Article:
- 1 -The original Pell Bridge was built by expiree Robert Cousins in 1873
- 2 – In the late 1863 a convict road crew built a road North of Mountain Bridge to meet the existing stock route (Old North Road). Remnants of the cobble road are still visible.
- 3 – For 20 years The Cattle Company held pastoral leasehold over much of the land between Mingenew and Greenough. It based its managers at Irwin House and employed a large number of ticket of leave men,
- 4 – James Pascoe built the Milo Inn (Pascoe’s Inn) on the Number 2 stock route in 1868, employed 7 ticket of leave men.
- 5 – Expiree James Mountain and his family leased a tillage block near the Irwin River and employed ticket of leave men between 1868 and 1871. Mountain Bridge bears the family name today
- 6 – Expiree Joseph Chivers had four 100 acre blocks south of the river and employed 10 ticket of leave men between 1865 and 1875.
- A – Dongara Cemetery contains many graves of the European settlers as well those of 24 ticket of leave men.
- B – Dongara Police Station and Courthouse(1871) was built be expiree Joseph Walton using ticket of leave labour. The building now houses the Irwin District Museum
- C – Dongara Hotel (1868) was built be expiree Joseph Walton using ticket of leave labour. It was originally known as The Irwin Arms,
- D – Convicts built the road from Dongara to Port Denison, Originally known as Beach Road it is now Point Leander Drive,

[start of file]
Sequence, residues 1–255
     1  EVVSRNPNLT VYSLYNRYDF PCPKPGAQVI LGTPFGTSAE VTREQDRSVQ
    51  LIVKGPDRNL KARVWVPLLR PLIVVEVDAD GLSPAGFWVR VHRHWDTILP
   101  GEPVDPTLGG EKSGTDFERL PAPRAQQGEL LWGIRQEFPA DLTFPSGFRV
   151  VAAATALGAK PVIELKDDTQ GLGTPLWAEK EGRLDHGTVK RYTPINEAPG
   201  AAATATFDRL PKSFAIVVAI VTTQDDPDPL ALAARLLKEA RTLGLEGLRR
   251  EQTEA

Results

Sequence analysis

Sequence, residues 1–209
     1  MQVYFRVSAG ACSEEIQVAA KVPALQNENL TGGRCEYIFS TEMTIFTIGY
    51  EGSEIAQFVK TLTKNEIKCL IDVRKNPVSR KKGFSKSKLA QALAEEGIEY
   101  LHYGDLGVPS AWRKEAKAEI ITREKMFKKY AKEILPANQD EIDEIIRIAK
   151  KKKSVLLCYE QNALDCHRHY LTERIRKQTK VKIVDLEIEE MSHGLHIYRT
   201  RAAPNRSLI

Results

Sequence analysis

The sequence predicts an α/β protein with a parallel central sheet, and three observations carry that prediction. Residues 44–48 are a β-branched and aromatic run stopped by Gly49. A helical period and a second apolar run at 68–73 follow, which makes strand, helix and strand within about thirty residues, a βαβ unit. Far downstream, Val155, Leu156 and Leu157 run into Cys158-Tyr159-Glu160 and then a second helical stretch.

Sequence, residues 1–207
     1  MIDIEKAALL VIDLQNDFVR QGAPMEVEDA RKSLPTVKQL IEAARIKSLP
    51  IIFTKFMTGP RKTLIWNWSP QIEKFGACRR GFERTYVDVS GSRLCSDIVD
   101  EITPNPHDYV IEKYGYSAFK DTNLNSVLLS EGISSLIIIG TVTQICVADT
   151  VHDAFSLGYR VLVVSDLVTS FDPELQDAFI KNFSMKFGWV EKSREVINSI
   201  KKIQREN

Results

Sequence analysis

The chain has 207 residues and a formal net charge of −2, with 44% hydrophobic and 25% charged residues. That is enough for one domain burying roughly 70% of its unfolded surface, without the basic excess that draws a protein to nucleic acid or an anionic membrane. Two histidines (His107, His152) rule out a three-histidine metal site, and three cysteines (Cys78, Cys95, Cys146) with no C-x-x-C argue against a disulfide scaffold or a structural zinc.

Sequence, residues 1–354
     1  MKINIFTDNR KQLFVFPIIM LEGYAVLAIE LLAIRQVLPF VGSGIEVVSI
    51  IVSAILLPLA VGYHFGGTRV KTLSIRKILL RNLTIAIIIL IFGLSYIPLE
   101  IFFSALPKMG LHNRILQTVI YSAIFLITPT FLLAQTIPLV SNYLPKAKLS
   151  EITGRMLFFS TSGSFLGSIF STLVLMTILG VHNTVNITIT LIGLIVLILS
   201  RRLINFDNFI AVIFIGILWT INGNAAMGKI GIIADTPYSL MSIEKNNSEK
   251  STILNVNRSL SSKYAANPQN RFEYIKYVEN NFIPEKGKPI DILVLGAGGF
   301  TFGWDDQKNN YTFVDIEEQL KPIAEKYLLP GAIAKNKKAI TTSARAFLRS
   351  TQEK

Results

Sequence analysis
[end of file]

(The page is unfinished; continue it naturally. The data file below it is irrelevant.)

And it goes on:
- E – At Port Denison two obelisks were built by expiree Robert Sparkes in 1869 using ticket of leave labour. They were used to guide ships into Port Denison through the hazardous reefs. The obelisk at the fishing boat harbour is now known as the Fishermen’s Memorial, the inland obelisk has been partially demolished
- F – In 1859 harbourmaster Edward Downes small cottage at the mouth of the Irwin River was attacked by 5 convicts who had escaped from a working party in Fremantle and had sailed north in a whaling boat. The convicts tied up Edward, has wife and a visiting friend. The convicts stole food, guns and cloth which they used for a sail, They were eventually apprehended in Shark Bay.
- G – Two limestone quarries were the source of stone for the buildings and roads constructed by convicts in Dongara.
Ticket of Leave
Tickets of Leave were printed on waterproof parchment and were quite durable They were required to be carried at all times and must be shown to Police when requested The place of employment of the holder was listed and he had to remain at the assigned property. This ticket (IROB1099) was issued to Benjamin (Taffy) Jones 9772. His surname was been removed from the document prior to acquisition.
The ticket of leave system was subject to special regulations, a copy of these regulations from 1869 can be downloaded here. Thanks to Geraldton Museum and Gardens for this supplying this document to IDHS.
Sources: Bain, M.A ‘Ancient Landmarks,’ IDHS Archives, State Records Office